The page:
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Confusion over ACA.

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    Hi guys,

    Been researching the difference between ACA and ACCA over the past few weeks. I think I've decided that the ACA is more suited to my current situation and future goals.

    My question is the following: as I've only recently accepted that Investment Banking isn't really option right now, I will qualify as a Chartered Accountant and go from there.

    Is it possible to self-study the ACA (E.g. start the qualification by sitting a few exams) while I look for training contracts?

    Thank you,

    WokSz.
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    Yes it is possible to start ACA training before you find a contract but you need 450 days work before you qualify.
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    Hi there

    You could study CFAB from ICAEW if you are interested in the ACA - this is a standalone qualification of six modules which give you the essential underpinning for chartered accountancy and it is also the first six modules of the ACA, and does help give you a head start if you are looking for a training agreement with an employer.

    Louise
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    (Original post by ICAEWAdvisorLouise)
    Hi there

    You could study CFAB from ICAEW if you are interested in the ACA - this is a standalone qualification of six modules which give you the essential underpinning for chartered accountancy and it is also the first six modules of the ACA, and does help give you a head start if you are looking for a training agreement with an employer.

    Louise
    Will this qualification help me get exemptions from the ACA when I do get a training contract?
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    (Original post by Jack McGill)
    Yes it is possible to start ACA training before you find a contract but you need 450 days work before you qualify.
    Thank you Jack.
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    (Original post by WokSz)
    Will this qualification help me get exemptions from the ACA when I do get a training contract?
    You'll get 6 exemptions out of the 15 exams.

    Some employers may want you to sit the papers again or at least go to college to learn the material again. You might also want to consider that doing the CFAB will also act as a decent signal to employers that you are committed to the career path.
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    If you were good enough to comprehend IB, then you should be able to get a Training Contract somewhere, without starting the ACA yourself.
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    (Original post by Regent)
    If you were good enough to comprehend IB, then you should be able to get a Training Contract somewhere, without starting the ACA yourself.
    This.

    Employers value practical experience equally as much as a qualification. To be fair, ACA is just "windowdressing" for your CV i.e. a signalling mechanism; it usually is about the soft skills which you gain through actual work.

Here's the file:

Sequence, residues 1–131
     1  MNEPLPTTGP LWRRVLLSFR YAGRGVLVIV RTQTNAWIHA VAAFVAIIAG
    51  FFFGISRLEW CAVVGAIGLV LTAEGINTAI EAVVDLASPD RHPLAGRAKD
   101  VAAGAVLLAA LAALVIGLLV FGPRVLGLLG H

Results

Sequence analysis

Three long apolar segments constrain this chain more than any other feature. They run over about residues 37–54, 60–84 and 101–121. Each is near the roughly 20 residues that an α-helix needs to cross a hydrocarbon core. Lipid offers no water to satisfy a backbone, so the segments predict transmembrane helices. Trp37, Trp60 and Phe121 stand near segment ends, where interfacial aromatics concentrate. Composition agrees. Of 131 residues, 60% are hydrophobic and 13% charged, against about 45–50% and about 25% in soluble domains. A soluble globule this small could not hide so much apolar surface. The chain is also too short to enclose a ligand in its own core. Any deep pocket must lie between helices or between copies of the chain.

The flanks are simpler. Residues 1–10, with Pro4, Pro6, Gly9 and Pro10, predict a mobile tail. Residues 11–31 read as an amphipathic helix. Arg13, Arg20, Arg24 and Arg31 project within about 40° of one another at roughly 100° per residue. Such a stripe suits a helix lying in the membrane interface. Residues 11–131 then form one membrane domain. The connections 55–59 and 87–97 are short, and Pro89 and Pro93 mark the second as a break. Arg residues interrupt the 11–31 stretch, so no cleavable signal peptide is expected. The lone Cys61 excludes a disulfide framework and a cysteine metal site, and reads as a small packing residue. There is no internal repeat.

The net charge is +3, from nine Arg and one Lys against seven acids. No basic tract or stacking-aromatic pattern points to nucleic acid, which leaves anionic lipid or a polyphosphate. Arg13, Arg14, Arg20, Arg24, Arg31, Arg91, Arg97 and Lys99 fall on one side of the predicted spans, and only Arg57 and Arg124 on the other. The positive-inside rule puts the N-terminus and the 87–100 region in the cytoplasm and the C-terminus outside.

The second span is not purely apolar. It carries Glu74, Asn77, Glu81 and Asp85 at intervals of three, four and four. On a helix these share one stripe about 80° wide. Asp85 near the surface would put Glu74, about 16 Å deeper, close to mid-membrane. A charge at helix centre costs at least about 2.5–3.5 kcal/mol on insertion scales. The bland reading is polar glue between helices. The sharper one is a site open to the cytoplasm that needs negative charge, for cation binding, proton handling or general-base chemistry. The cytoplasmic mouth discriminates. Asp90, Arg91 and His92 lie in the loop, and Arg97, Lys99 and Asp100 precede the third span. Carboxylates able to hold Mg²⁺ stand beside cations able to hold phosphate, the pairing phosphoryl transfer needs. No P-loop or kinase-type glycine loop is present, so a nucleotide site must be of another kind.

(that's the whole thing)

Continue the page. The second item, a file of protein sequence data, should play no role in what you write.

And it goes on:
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    Thank you for your help.
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    Could someone tell me the difference between ACA - full chartered - and ACCA - certified chartered? Are they both chartered accountancy quals?
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    (Original post by ilovecatsforlife)
    Could someone tell me the difference between ACA - full chartered - and ACCA - certified chartered? Are they both chartered accountancy quals?
    There are many differences between ACCA and ACA. Ultimately, one of the main things you need to consider is what you want to do in your future career. Research shows that ACAs can usually command higher salaries and as Mervin stated above - there are far more ACAs in senior positions in UK FTSE companies and major organisations than other qualifications. You may also want to look at some of the senior job vacancies that are advertised in publications such as the Financial Times (or similar) as some of the key vacancies ask specifically for ACA qualified.

    Here are just some of the other differences between ACA and ACCA:

    Optional vs compulsory: With ACA there are no optional exam papers (which is the case with ACCA). Every ACA exam module is compulsory (unless you qualify for exemption on a particular module). Students cannot opt out of areas in which they feel less confident. Employers love this as it means they get individuals who have consistent levels of academic and professional achievement across multiple areas. It's good for you as you get a broad, in-depth level of expertise in many disciplines, so you can add value to any number of areas of that business.

    Time taken to qualify: 80% of ACA students qualify in three years or less, while for ACCA this figure drops to 59%. For you, this could mean you gain an internationally recognised professional qualification more quickly which may then impact on your salary and job prospects.